Most people in Scotland have no religion – 2022 Census

The results of the 2022 Scottish Census have just been published, and for the first time, when asked about religion most people ticked ‘None’. 51.1% ticked the option, up from 36.7% in 2011. Humanists UK has welcomed the figures, which reflects the wider trend across the UK. The latest Census in England showed for the first time only a minority ticking ‘Christian’, while in Wales more people ticked ‘No religion’ than ‘Christian’.

Returning to the Scottish figures, the share ticking ‘Church of Scotland’ in 2022 was 20.4%, more than half as low as the 42.4% that ticked that figure in 2001. ‘Roman Catholic’ was ticked by 13.3%, ‘Other Christian’ by 5.1%, and ‘Muslim’ by 2.2%. For every age group under 60, over 60% ticked ‘None’.

Biased question wording

The question used in Scotland is ‘What religion, religious denomination or body do you belong to?’ This question is leading, presuming that the respondent has a religion. Similar issues exist with the England and Wales Census, which asks even more leadingly, ‘What is your religion?’ The consequence is that the figures recorded by the Census inflate the size of the religious population. Research on the England and Wales question has shown that it leads to people who do not believe in, practice, or consider themselves to belong to a religion choosing a religious box. They do so because they were christened, because their parents are/were Christian, or because they went to a Christian school. The Office of National Statistics acknowledges this itself. The better-phrased British Social Attitudes Survey, by contrast, found in 2020 that 53% of British adults belong to no religion, with only 37% Christians.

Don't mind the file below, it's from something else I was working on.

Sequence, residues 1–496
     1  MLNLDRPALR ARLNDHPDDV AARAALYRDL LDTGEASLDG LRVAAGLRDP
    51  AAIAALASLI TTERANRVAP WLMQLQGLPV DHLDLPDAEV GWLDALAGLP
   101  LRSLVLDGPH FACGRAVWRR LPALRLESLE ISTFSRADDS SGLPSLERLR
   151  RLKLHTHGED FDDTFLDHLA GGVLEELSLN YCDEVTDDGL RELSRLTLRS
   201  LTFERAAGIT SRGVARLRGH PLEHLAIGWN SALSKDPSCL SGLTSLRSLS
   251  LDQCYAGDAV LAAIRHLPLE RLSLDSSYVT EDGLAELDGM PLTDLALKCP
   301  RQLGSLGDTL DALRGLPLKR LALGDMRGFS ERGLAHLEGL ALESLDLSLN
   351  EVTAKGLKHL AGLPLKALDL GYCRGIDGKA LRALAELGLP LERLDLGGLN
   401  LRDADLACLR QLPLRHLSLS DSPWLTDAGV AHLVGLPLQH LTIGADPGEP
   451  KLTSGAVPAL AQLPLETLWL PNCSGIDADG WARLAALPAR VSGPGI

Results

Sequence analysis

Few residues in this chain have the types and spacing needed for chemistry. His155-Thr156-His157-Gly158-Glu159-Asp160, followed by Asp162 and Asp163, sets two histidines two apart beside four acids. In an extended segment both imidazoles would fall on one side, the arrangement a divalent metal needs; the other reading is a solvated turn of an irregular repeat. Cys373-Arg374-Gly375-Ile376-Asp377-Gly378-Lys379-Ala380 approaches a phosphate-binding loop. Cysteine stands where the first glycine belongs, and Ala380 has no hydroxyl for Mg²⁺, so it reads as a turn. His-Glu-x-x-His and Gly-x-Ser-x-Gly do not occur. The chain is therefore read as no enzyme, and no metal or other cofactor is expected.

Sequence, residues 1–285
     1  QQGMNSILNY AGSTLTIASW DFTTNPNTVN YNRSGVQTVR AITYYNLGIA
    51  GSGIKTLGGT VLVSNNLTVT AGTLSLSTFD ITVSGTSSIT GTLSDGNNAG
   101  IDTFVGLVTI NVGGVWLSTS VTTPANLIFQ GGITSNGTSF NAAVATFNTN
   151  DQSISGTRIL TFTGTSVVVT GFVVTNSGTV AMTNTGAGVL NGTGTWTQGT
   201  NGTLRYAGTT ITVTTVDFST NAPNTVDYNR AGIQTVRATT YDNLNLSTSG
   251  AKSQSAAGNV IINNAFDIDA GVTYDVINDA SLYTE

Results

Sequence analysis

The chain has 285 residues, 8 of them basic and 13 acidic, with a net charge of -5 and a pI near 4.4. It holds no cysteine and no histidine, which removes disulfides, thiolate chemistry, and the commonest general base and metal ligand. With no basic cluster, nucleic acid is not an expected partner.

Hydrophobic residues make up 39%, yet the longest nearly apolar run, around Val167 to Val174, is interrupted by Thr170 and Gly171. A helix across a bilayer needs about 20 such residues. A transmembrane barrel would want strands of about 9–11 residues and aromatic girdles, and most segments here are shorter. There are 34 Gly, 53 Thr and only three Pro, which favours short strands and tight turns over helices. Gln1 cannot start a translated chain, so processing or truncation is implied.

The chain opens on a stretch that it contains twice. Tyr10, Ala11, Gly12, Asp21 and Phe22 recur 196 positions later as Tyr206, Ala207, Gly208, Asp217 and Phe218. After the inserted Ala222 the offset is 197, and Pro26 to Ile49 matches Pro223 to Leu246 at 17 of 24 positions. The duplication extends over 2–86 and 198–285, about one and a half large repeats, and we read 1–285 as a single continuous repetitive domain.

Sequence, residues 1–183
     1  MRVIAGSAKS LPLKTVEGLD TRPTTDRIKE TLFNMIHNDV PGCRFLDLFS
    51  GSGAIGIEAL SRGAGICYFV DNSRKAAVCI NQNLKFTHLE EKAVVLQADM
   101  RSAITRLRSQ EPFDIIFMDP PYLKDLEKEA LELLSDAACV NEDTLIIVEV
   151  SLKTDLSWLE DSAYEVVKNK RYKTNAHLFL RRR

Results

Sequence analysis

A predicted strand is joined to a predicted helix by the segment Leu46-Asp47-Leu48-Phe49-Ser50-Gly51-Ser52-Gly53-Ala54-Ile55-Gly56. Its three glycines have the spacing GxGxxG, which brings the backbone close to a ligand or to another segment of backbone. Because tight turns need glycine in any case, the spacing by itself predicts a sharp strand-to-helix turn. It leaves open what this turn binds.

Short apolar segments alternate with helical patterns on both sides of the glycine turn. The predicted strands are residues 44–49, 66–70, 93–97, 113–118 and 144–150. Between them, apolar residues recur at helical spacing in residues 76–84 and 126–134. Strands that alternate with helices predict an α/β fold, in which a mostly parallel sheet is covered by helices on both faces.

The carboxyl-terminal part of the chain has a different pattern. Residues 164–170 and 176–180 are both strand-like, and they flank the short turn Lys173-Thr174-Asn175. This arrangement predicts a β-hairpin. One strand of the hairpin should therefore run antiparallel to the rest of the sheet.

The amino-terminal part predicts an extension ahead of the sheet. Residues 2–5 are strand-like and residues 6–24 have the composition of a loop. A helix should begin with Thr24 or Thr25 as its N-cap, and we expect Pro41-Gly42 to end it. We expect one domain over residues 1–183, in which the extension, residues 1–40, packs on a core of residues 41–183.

Humanists UK’s sister charity, Humanist Society Scotland, provides services in Scotland and works on all matters devolved to Scotland. In the run-up to the Census, it encouraged non-religious people to tick ‘None’.

Humanists UK Director of Public Affairs and Policy Richy Thompson commented:

‘With Scotland’s Census results, we now have the full picture. The growth of the non-religious population is the biggest demographic change in the UK today.

‘And yet the UK remains a very religious state, including in its institutions that every country is subjected to. We still have daily prayers in the UK Parliament, with those who attend more able to get seats and participate in subsequent debates. We still have bishops in the House of Lords. We still have compulsory school prayers. And we still have schools that divide children based on religion.

‘The contrast between the religious state and the non-religious population is only growing more stark. It is time politicians wake up to this and act to rectify the everyday discrimination the non-religious population faces.’